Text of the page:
Evolutionary adaptation to climate change in native grasslands: genetic basis and ecological consequences


The ACCE DTP is committed to recruiting extraordinary future scientists regardless of age, disability, ethnicity, gender, gender identity, sexual orientation, faith or religious belief, pregnancy or maternity, parental or caring responsibilities or career pathway to date. We understand that a student’s potential can be shown in many ways and we strive to recruit students from all backgrounds, and support them on their scientific journey.

We have designed our application systems to identify candidates who are likely to be successful in research regardless of what opportunities may have been available to them prior to their application.

Various support and guidance on applying for an ACCE DTP studentship, including how to apply; what we’re looking for (including our assessment rubric); details of financial support, training, and placement opportunities available; and details of our recruitment process, can be found at https://accedtp.ac.uk, in the ‘prospective applicants’ tab.

Project overview

We are looking for a candidate with strong interests in evolutionary ecology and field work to study adaptive evolution in response to climate change in species-rich meadow ecosystems in the UK and Sweden.

Adaptive evolution is essential for populations to keep pace with climate change and persist in their environment. However, we know little about the genomic basis of these rapid responses, or their ecological impacts on coexisting populations of other species. This is unfortunate, as understanding how adaptation works is vital to predicting species that are "winners” and “losers” under environmental change.

This project will make use of the world’s longest-running climate manipulation experiment (the Buxton Climate Change Impacts Lab), and linked study sites in the UK and Sweden. Using the ecological model grass Festuca ovina, We will explore the genomic basis of adaptation driven by drought and warming, and its consequences for interactions and competition with coexisting meadow species. Using existing genomic resources and plant collections, experiments, and field work, we will study how results from our experimental facility at Buxton translate to the wider landscape. The findings of this work will be relevant to conservation practitioners interested in ecological restoration, and native wildflower seed producers.

This project will provide training in evolutionary ecology, fieldwork, plant growth experiments, genomics and molecular ecology. Please contact Raj Whitlock () if you have queries about this project, or want to discuss its scope, which is flexible at this stage.

Essential and desirable criteria


  • Degree in a relevant study area
  • Interest in, and demonstrable motivation to study climate impacts on plants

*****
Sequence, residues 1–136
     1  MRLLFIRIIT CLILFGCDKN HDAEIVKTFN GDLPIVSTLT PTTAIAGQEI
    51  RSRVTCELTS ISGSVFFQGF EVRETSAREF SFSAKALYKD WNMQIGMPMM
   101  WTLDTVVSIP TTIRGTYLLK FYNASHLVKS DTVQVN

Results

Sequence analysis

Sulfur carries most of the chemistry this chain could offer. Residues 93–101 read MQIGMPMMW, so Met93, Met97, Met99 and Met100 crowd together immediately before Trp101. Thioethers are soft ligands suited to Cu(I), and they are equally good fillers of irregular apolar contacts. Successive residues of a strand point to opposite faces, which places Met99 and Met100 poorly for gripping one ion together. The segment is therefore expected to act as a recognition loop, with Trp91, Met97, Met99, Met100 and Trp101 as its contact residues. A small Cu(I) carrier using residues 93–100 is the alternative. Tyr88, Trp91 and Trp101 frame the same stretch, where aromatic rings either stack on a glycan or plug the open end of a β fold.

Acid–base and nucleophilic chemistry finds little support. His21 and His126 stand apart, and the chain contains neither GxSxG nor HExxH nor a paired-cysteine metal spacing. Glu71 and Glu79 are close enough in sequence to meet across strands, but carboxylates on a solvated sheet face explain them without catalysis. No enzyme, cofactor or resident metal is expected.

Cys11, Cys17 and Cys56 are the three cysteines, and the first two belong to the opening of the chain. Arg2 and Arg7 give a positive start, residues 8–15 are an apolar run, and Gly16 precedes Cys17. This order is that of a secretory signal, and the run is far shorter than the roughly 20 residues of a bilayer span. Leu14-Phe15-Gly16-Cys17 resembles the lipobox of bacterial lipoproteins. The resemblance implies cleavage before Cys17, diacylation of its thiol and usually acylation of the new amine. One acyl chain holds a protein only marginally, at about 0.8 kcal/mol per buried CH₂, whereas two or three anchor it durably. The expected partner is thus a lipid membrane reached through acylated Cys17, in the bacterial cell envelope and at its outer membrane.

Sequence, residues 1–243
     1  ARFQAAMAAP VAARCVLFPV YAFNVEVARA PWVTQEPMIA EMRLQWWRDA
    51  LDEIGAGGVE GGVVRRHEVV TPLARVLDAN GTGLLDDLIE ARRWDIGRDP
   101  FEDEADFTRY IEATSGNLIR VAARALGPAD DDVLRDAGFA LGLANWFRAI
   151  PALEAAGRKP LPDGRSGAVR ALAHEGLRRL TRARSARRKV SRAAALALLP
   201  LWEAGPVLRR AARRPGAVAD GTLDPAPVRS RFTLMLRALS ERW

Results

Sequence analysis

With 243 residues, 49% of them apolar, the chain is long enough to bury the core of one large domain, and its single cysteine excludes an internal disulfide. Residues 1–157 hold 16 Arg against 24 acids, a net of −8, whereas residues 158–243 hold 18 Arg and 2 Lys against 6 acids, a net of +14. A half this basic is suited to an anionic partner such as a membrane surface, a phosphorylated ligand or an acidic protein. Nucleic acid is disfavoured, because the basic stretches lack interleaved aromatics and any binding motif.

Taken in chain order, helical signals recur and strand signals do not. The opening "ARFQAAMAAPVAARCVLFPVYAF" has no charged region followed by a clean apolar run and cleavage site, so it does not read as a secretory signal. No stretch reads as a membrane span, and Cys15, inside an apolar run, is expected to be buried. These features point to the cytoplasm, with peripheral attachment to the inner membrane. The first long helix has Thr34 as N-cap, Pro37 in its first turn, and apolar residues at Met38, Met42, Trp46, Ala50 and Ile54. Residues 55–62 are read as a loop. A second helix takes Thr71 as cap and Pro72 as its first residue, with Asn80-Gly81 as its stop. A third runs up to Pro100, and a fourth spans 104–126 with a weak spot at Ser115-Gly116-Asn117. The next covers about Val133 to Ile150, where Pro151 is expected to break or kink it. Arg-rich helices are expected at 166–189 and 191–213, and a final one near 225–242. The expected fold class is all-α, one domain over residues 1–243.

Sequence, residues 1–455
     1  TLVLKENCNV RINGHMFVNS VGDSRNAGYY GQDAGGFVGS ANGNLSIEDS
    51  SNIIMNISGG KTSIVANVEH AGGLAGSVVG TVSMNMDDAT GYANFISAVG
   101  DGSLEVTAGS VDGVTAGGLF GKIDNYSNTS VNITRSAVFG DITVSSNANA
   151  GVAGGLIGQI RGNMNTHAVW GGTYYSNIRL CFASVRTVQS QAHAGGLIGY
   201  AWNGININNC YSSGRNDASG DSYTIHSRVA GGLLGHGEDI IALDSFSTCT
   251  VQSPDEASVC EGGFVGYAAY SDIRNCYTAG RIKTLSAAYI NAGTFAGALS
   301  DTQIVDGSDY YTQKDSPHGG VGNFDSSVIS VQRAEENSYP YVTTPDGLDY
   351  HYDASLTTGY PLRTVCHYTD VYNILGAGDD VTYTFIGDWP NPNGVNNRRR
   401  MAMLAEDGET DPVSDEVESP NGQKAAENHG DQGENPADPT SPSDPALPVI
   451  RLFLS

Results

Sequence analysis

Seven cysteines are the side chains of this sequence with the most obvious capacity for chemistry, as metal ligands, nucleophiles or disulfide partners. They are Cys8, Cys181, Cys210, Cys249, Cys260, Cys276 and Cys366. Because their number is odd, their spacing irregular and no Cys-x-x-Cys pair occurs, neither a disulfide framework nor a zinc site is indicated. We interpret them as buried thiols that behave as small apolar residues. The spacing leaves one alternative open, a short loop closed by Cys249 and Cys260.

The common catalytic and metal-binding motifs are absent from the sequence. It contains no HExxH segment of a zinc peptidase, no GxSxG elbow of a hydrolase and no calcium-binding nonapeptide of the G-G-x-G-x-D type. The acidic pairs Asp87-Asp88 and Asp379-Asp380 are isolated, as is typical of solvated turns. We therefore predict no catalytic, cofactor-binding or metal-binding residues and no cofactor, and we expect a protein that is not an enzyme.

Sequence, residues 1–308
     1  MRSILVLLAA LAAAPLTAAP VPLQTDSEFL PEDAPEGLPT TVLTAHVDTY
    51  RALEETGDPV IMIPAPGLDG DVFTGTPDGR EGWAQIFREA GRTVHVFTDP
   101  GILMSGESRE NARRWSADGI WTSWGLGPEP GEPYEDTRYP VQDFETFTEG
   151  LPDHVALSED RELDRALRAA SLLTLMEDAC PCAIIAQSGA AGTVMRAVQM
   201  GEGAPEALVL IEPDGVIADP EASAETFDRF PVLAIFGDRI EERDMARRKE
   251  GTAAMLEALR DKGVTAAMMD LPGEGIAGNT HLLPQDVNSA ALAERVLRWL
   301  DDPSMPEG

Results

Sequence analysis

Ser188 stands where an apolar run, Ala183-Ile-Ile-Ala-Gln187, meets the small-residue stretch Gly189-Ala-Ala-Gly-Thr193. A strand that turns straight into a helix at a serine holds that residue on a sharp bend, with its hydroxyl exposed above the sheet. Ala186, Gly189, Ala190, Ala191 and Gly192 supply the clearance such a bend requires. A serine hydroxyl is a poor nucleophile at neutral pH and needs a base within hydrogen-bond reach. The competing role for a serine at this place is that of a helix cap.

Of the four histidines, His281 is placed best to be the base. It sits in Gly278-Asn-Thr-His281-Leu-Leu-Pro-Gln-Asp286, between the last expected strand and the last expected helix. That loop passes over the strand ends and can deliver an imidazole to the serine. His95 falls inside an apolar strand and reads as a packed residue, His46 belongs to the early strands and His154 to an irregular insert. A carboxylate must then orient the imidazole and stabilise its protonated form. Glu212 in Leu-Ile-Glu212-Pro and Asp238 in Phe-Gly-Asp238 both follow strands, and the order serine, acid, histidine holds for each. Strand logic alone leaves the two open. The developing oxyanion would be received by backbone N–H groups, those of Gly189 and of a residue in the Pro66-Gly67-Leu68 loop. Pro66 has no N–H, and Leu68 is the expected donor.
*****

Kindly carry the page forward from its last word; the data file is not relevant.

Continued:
• Experience with data analysis for designed experiments or field studies, ideally using R
  • Experience of fieldwork


  • M-level qualification in a relevant study area
  • Research experience in (plant) ecology or evolutionary biology or climate impacts on biodiversity
  • Past experience in molecular labs or plant growth/ experimental facilities
  • Motivation to learn new data analyses, including at the command line
  • Ability to communicate effectively with team members and collaborators/ stakeholders

How to apply

Notes and details of how to apply are available here: https://accedtp.ac.uk/phd-opportunities/

All applicants to ACCE must complete the ACCE personal statement proforma. This is instead of a personal/supporting statement or cover letter. The proforma is designed to standardise this part of the application to minimise the difference between those who are given support and those who are not. Candidates should also submit a CV and the contact details of 2 referees.

Part-time study options

All ACCE PhDs are available as part time or full time, with part time being a minimum of 50% of full time. Please discuss potential part time arrangements with the primary supervisor before applying to the programme.

Project CASE status

This project is not a CASE project. While individual applicant quality is our overriding criterion for selection, the ACCE DTP has a commitment for 40% of all studentships to be CASE funded - as such, CASE projects may be favoured in shortlisting applicants when candidates are otherwise deemed to be equal or a consensus on student quality cannot be reached. This will only be done as a last resort for separating candidates.


Open to students worldwide

Funding information

Funded studentship

NERC ACCE DTP programme starts from October 2024.
UKRI provide the following funding for 3.5 years:

  • Stipend (2023/24 UKRI rate £18,622)
  • Tuition Fees at UK fee rate (2023/24 rate £4,712)
  • Research support and training grant (RTSG)

Note - UKRI funding only covers UK (Home) fees. The DTP partners have various schemes which allow international students to join the DTP but only be required to pay home fees. Home fees are already covered in the UKRI funding, meaning that successful international candidates do not need to find any additional funding for fees.



1.Trinder, SA, Askew, AP & Whitlock, R. 2020. “Climate-driven evolutionary change in reproductive and early-acting life-history traits in the perennial grass Festuca ovina”. Journal of Ecology, 108, 1398–1410.
2.Ravenscroft, CH, Whitlock, R and Fridley, JD. 2015. “Rapid genetic divergence in response to 15 years of simulated climate change” Global Change Biology, 21, 4165–4176.
3.Sayer, E. J., Crawford, J. A., Edgerley, J., Askew, A. P., Hahn, C. Z., Whitlock, R. and Dodd, I. C. 2021. Adaptation to chronic drought modifies soil microbial community responses to phytohormones. Nature Communications Biology, 4, 516.